The gates of Portland
We had more or less decided to end this year's onslaught on the SWCP at Weymouth, but we saw an opportunity to keep on going, and now we hope to complete the circuit of Portland before Christmas. This would be very satisfying as for a large part of the walk so far, certainly since we turned St Aldhelm's Head, the western horizon has been closed by Portland. It will be great to continue the walk in the new year with open views to the west.
We picked up the route at Ferry Bridge and followed the causeway which links Portland to the mainland for about two miles to reach the gates of Portland above. The gates were funded by the six Masonic Lodges on Portland - a surprisingly large number we thought for a population of around 13,000.
Once on the island proper, we headed for the castle - another of Henry VIII's coastal forts, of 1539 (see also Sandford on the previous leg of this walk and Brownsea Island. This is landside view.
And below is the view from the shore side. In this view the tunnel entrance to the Verne citadel can be seen near the top of the hillside behind. It was initially a prison for convicts who were employed building Portland harbour in Victorian times and then became a military base; is now a prison again. To left is a large block (I first wrote "blot" - a nice slip) of flats, which had apparently been left unfinished.
The path follows the right side of the hill leading up to The Verne and as we got higher there was an increasingly good view back along Chesil Beach, which starts at Chesil Cove on the west coast of the island and forms the west side of the causeway. It was unfortunately rather hazy.
The route then follows the back of the peak, passing the route of railway lines which were once part of the Portland quarries to come to an entrance to the prison - presumably not the only one! Apparently The Verne, a category C prison (for prisoners who cannot be trusted in open conditions but who are unlikely to try to escape), is known for the large number of separate nationalities which are represented there.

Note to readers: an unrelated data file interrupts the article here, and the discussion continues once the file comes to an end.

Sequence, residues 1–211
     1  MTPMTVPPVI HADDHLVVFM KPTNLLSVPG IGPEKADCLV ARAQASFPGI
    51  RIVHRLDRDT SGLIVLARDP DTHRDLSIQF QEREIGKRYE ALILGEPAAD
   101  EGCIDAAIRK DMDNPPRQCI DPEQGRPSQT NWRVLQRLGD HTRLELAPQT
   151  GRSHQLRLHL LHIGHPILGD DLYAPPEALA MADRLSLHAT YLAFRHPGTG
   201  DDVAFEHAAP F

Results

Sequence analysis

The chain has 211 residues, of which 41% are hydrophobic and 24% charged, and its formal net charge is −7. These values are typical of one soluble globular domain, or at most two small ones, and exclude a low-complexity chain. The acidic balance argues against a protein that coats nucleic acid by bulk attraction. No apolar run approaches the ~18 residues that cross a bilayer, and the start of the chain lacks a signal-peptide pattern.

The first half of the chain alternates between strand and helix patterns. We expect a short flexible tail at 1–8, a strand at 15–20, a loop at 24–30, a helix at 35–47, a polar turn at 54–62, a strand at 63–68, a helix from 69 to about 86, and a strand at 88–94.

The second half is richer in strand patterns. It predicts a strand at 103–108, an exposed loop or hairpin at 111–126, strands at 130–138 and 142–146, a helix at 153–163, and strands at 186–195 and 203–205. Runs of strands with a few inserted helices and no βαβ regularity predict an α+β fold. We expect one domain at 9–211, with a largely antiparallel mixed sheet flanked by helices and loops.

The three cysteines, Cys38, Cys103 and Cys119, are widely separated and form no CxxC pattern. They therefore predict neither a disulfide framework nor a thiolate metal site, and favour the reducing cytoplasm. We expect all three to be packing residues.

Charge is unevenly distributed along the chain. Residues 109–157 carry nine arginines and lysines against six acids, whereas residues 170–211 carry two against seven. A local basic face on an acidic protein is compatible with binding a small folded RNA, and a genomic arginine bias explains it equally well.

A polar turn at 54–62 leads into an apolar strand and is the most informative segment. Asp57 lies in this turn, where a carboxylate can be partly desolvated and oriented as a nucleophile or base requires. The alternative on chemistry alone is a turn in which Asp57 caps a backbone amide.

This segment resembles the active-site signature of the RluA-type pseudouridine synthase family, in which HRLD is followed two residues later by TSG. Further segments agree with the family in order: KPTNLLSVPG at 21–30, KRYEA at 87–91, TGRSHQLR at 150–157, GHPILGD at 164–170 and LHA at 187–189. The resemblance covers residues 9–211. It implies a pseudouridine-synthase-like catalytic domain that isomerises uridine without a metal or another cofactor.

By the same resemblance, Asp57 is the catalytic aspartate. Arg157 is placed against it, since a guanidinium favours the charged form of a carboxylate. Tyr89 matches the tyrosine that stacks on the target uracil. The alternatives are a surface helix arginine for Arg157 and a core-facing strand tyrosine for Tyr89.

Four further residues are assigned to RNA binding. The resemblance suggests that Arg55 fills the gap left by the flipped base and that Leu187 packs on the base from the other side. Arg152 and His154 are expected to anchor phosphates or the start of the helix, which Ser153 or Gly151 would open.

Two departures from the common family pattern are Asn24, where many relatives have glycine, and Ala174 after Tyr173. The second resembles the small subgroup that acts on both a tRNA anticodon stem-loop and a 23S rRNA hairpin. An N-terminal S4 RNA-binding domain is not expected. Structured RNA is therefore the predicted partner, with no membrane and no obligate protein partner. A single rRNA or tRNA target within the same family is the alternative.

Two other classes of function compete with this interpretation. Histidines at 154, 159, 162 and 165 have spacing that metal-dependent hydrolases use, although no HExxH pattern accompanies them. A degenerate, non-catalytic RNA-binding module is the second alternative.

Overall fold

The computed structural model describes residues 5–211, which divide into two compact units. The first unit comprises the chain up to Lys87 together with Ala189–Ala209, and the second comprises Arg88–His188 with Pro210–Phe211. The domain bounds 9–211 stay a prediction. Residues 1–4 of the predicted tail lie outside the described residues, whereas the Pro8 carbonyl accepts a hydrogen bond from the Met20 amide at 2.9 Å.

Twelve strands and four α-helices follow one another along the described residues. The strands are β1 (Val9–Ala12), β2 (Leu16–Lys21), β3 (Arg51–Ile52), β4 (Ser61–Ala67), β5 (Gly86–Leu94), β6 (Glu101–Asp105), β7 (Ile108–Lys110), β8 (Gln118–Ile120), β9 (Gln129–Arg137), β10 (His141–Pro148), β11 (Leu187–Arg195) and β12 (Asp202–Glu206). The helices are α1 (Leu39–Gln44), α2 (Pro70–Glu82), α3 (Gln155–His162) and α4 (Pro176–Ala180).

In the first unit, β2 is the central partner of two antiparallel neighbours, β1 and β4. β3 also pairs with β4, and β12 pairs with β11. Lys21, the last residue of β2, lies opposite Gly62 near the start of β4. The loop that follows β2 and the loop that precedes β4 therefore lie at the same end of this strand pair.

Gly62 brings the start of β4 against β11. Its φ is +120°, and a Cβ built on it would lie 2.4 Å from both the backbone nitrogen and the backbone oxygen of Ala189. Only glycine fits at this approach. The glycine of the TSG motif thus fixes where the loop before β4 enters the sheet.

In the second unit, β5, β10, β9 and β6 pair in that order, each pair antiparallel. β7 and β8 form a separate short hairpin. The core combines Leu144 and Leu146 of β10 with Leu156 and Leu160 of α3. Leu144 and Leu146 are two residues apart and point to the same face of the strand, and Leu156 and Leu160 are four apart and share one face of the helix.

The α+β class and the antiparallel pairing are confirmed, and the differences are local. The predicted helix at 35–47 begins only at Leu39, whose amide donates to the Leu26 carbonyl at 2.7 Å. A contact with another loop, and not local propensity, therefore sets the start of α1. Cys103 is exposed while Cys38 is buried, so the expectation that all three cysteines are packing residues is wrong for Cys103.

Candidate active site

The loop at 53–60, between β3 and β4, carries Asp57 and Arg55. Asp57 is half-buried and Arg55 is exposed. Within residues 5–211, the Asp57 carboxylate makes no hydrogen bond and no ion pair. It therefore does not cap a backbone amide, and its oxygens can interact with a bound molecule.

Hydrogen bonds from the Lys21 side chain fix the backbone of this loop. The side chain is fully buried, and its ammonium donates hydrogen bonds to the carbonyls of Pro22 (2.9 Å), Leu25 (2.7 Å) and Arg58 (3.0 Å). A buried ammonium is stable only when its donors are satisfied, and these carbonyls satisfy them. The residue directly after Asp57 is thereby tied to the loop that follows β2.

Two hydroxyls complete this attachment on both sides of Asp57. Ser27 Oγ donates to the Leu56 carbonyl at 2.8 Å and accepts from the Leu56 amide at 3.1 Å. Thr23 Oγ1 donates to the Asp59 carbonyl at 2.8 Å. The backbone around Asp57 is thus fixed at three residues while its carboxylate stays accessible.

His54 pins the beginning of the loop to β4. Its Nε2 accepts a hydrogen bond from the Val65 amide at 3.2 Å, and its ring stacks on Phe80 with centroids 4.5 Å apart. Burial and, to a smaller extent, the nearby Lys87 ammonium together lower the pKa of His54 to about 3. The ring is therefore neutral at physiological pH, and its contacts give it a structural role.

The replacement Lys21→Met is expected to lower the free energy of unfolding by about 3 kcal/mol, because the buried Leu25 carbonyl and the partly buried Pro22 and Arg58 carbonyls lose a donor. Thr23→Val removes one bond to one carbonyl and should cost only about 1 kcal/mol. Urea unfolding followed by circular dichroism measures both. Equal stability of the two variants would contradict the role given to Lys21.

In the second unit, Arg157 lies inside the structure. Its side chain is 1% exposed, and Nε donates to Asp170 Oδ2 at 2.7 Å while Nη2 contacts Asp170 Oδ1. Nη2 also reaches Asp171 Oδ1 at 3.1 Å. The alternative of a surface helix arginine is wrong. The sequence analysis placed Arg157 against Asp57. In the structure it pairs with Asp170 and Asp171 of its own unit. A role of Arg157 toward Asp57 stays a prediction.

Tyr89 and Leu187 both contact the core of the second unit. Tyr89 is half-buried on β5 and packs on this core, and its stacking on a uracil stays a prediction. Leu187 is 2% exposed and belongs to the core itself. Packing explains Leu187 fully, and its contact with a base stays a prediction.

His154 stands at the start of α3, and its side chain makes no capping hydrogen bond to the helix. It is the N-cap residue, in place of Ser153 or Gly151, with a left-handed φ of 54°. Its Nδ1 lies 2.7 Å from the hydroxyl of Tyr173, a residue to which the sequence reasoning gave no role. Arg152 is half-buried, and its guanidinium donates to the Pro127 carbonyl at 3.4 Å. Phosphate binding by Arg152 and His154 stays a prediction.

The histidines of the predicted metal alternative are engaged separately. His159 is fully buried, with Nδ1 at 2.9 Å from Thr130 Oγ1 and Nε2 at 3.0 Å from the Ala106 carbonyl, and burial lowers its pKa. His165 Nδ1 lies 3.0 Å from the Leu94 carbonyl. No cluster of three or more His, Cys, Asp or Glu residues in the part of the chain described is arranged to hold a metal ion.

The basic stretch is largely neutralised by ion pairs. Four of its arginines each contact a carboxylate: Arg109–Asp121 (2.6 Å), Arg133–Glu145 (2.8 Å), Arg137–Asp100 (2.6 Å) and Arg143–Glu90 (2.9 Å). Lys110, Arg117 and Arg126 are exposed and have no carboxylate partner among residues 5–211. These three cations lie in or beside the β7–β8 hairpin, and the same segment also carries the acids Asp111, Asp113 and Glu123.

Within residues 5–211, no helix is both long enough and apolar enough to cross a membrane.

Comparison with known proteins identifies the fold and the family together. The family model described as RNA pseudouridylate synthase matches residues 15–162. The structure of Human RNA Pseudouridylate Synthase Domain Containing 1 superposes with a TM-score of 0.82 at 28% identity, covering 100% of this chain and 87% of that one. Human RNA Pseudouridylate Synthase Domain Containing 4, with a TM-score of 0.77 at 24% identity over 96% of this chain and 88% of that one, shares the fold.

The route now heads east with a "family farm" improbably located on one side and a working quarry on the other.
We then followed the East Weares (which I think means cliffs) and passed the Young Offenders Institution to emerge onto an open grassy area, crossed by quarry tracks which led down to the village of Church Ope. We were struck by Pennsylvania Castle which was built by John Penn, the grandson of the founder of Pennsylvania on land given by his friend King George III (who has been frequently mentioned lately). It is has recently become privately owned, but before that was a hotel.
After a short section of road, the path finally descends to the coast. It is wilder and quieter here and there is a good view back towards towards white chalk cliffs of the south Dorset coast.
This whole area was formerly stone quarries and the evidence is everywhere. We had the rather melancholy feeling of walking through a town that has been devastated by heavy bombing, with piles of rubble all that remained.
There were several of these derricks, which were used for loading stone onto barges.
As we approached Portland Bill along a grassy headland, a whole collection of huts came into view. They looked more like garden sheds than the more typical beach huts you see in Mudeford or Weymouth. But beach huts they are. On the way back to the station our taxi driver told us that they were highly prized and changed hands for "silly money". We had more the sense of a shanty town, but no doubt it all looks different in summer.
Conditions: cloudy, hazy, mostly quite mild.
Distance: about 8 miles, all forwards on the Coast Path. Distance covered now 50 miles.
Map: Explorer OL15 (Purbeck and South Dorset).
Rating: three and a half stars. Penal settlements, military remains, transport links and industrial archeology dominated the walk. Interesting, but not very pretty.